Owning an older home can carry a full set of advantages of charm and uniqueness, but it can bring disadvantages, too.

Old construction projects can contain dangerous materials that have since been found to carry adverse health risks. Asbestos is a grave example, but that might not be the only potential hazard lurking within the confines of your walls. Lead can possibly be covering your walls, fixtures, frames and doors.

Lead paint has been banned for more than four decades now, but many homes featured it before that time, especially before 1940. No matter how much it gets covered up, it can pose a threat to you and your family. If you’re concerned about potential exposure, we have some tips and advice for conducting your lead paint test.

Why Is Having Lead Paint a Risk?

Lead can act as a cumulative toxicant, building up in the brain, kidneys, liver and bones with prolonged exposure. Lead poisoning can cause severe symptoms, like convulsions and coma, due to how it attacks the nervous system.

These problems can be especially devastating to children and pregnant women. Children can’t handle nearly as much as adults, and the aftereffects can include a series of mental disorders — operational and behavioral — and hypertension. Lead can also affect a woman’s unborn fetus, potentially leading to developmental problems and even miscarriage.

You cannot mess around with lead paint if you suspect that your home might have it somewhere.

What Do You Need to Look for When Conducting a Lead Paint Test?

While it’s more challenging to detect lead paint through fresh layers of new paint, exposed layers will offer distinct clues. Namely, lead paint will crack into scaly, geometric patterns that can break off in fractured chunks. If you notice anything that looks like that, you should test it immediately. Lead paint also rubs off with a chalky substance that’s atypical of other paint types.

Luckily, you can choose between several at-home testing kits from reputable manufacturers, like 3M and Klean Strip. These color-changing kits will often show results within a minute, and the EPA rates them both to have up to 95 percent accuracy.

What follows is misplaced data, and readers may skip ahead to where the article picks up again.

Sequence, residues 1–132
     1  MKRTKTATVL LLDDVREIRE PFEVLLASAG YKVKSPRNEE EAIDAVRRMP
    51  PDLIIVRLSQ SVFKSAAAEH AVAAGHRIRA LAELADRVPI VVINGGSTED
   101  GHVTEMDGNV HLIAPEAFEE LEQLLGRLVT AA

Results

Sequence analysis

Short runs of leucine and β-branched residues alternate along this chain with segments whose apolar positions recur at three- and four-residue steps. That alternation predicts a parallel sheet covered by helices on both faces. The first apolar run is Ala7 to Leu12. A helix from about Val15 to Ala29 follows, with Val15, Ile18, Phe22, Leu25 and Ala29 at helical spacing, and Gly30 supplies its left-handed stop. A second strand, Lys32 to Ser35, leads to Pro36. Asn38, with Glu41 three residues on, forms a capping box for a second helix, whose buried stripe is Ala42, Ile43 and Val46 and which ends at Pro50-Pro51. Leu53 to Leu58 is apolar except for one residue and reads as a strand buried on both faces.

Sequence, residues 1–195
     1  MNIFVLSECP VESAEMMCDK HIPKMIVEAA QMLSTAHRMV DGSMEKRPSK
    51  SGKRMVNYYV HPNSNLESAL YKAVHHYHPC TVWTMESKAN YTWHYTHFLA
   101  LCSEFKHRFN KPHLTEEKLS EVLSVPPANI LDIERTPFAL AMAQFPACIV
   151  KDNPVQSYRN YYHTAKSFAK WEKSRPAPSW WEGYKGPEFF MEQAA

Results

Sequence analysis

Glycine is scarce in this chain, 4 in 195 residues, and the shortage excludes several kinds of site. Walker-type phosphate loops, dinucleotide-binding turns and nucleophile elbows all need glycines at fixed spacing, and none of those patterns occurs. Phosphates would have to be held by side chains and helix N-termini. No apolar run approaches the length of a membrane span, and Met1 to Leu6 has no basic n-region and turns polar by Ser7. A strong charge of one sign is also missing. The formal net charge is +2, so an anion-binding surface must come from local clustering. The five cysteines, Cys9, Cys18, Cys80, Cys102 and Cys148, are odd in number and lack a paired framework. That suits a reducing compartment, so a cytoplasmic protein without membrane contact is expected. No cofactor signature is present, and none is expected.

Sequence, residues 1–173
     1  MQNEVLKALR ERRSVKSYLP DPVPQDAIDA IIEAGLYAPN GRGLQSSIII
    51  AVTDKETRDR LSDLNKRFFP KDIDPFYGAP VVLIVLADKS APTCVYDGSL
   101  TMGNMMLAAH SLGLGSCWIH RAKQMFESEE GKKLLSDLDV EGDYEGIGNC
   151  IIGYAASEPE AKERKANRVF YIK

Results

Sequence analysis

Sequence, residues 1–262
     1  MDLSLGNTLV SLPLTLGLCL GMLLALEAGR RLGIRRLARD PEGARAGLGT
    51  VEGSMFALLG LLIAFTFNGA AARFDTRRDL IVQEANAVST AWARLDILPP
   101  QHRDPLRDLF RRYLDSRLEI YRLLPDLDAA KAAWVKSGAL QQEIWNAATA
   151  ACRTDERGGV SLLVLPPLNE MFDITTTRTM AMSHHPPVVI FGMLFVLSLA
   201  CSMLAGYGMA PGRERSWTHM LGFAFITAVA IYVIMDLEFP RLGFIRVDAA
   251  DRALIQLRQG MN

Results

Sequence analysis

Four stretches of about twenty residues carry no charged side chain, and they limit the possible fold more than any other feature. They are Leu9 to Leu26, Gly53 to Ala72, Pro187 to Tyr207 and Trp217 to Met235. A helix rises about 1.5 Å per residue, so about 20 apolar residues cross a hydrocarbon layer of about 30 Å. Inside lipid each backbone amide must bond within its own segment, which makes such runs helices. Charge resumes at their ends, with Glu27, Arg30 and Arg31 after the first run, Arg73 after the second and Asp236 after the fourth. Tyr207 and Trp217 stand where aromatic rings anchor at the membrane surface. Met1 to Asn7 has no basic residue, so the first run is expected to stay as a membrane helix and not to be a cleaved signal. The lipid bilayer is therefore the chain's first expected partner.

If any of the at-home tests are positive or if you suspect you will need a more comprehensive analysis, there are environmental assessors and labs that will take samples and test them for you. At Haven Property Solutions, we are EPA-certified and work closely with these professionals and their findings to help combat your issues.

How Can You Fix It?

If you do indeed test positive for lead, keep calm. You’ll need to assess your situation by noting the scope and intensity carefully. If you have young children under the age of six, it won’t hurt to have their levels tested.

You can handle this kind of project on your own, but it will require high-quality equipment and a thorough understanding of your local area’s lead-removal laws. You’ll need full body coverage, including goggles and a respirator, and you’ll need to cover as much of the surrounding area as you can. You’ll also need a wet sander to contain dust, as well as a HEPA vacuum to safely suck up stray paint chips and debris.

Contact Haven Property Solutions to Ensure Proper Lead Paint Abatement

If you’d feel more comfortable with professionals handling this task, Haven is the company for you. Our trained, certified technicians will handle lead paint removal for residential and professional clients throughout New York’s Hudson Valley. Contact us today to schedule your free consultation!